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How do I find out which application has the camera open on an iMac (Running Leopard)? The green light is on indicating the camera is in use as well as photo booth can't connect to the camera. The only other apps running are Safari and Finder (as best as I can tell), neither of which seem to be using the camera.

If this was Windows, I'd use Process Explorer, what can I do on a Mac to see who has a particular device open?

EDIT: using the suggestion of NSD, I nearly have a solution with

    lsof | grep "USBVDC"

That shows all the apps trying to use the camera, but not the one that actually owns it. Probably close enough.

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up vote 12 down vote accepted

My best guess would be that iChat Agent was running in the background.

If not, then try:

lsof | grep -i "AppleCamera"

In previous versions of OS X (before Yosemite), this should be used:

lsof | grep -i "iSight"
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lsof does not show anything related to an iSight used or not. – Chealion Nov 22 '09 at 5:50
Not surprising. – Hasaan Chop Nov 22 '09 at 7:24
I'm one step closer, I found a way to find the apps that want to use the built-in USB iSight camera using your suggestion. lsof | grep -i "USBVDC". Nearly, if not every app, will use the library /System/Library/QuickTime/QuickTimeUSBVDCDigitizer.component/Contents/MacOS/Quic‌​kTimeUSBVDCDigitizer to get to the camera. – Tony Lee Nov 25 '09 at 0:40
A QuickTime component is a little more involved than a library, but you're right; good catch. – Hasaan Chop Nov 25 '09 at 1:34

In 2014, VDC works as an lsof search term for this:

$ lsof | grep VDC
FaceTime  1097 user  txt      REG                1,4    405264    2934 /System/Library/Frameworks/CoreMediaIO.framework/Versions/A/Resources/VDC.plugin/Contents/MacOS/VDC
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Found out it was HipChat for me - not sure when it tried to initiate a video call, but nothing in the UI suggested the camera was in use. – phatskat Oct 6 '15 at 21:45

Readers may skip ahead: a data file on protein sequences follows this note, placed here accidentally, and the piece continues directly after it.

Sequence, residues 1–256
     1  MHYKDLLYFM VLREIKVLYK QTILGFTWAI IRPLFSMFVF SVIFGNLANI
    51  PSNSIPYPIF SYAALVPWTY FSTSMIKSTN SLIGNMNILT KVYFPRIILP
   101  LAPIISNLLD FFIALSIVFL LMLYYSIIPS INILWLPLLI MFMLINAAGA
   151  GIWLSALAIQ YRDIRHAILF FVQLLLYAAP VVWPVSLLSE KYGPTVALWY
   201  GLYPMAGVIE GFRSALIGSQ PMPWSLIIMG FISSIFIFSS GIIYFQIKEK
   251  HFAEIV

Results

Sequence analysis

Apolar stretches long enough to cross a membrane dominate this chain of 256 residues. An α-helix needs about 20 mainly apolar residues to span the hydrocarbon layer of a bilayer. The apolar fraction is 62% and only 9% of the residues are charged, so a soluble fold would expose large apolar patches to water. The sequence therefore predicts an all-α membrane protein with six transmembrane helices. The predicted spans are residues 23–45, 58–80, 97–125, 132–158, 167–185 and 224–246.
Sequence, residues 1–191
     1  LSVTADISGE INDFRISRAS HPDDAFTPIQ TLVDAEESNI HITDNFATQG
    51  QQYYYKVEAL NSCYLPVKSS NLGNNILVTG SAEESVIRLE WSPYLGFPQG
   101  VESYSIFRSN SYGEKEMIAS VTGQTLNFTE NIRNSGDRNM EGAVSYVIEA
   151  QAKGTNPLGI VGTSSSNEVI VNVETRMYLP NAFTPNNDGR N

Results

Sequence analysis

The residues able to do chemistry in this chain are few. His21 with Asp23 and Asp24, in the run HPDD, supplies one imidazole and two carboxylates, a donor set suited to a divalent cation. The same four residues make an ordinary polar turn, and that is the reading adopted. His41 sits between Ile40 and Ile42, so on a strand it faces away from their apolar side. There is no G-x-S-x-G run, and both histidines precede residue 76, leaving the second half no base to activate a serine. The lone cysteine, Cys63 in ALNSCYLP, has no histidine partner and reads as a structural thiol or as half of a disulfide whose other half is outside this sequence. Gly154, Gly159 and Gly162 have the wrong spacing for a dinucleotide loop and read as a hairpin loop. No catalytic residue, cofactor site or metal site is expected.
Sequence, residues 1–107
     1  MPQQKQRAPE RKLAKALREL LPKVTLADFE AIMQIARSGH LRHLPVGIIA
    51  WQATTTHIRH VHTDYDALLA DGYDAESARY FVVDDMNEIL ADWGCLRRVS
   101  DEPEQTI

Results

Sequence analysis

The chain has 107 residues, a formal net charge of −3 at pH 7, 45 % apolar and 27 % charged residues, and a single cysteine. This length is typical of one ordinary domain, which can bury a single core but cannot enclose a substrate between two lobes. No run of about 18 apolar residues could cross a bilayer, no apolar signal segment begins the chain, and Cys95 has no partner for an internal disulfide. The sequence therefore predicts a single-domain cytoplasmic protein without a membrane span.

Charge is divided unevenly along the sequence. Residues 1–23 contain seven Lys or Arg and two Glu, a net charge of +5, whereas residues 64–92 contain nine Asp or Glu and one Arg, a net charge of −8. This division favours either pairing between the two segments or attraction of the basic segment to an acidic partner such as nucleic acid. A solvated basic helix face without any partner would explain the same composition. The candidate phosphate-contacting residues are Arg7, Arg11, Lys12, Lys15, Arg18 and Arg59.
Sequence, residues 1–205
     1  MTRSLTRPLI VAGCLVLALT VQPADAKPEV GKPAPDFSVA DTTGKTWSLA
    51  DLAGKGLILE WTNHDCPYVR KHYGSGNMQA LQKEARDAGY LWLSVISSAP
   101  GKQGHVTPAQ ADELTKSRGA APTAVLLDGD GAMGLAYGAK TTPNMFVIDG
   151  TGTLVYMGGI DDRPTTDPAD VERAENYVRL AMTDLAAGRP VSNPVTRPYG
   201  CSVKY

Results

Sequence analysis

Using this answer I discovered it was my Parallels client, which was sharing the camera with the virtual windows machine – GreenAsJade Oct 8 '15 at 9:52

I've just found that having Facetime minimised causes the iSight LED to come on every so often. Close FaceTime by clicking the red button in the top left hand corner. You'll still receive FaceTime calls but the camera will only be turned on when they come in.

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This resolved the green blinking iSight LED problem for me, but I can't think of a reasonable justification (or any documentation) as to why Facetime would be taking photos of me when it's minimized. – christianbundy Jul 27 '15 at 18:02

lsof is a good bet. Grepping for 'VDC' gives me the best results, but in older versions of OSX you may have to use other terms 'AppleCamera', 'iSight'.

Then you have a list, and you see that a couple of programs are using the cam. You could try to kill them one by one, but what if one is in the browser and you have a million tabs open?

Usually this trick works for me:

  • open ActivityMonitor,
  • search VDC, VDCAssistant is listed,
  • force quit VDCAssistant.

Result is that all processes trying to use the camera are temporarily disconnected. This takes care of processes that kept using the camera because of some glitch. The VDCAssistant is restarted automatically.

This trick also works great if a program cannot access the camera.

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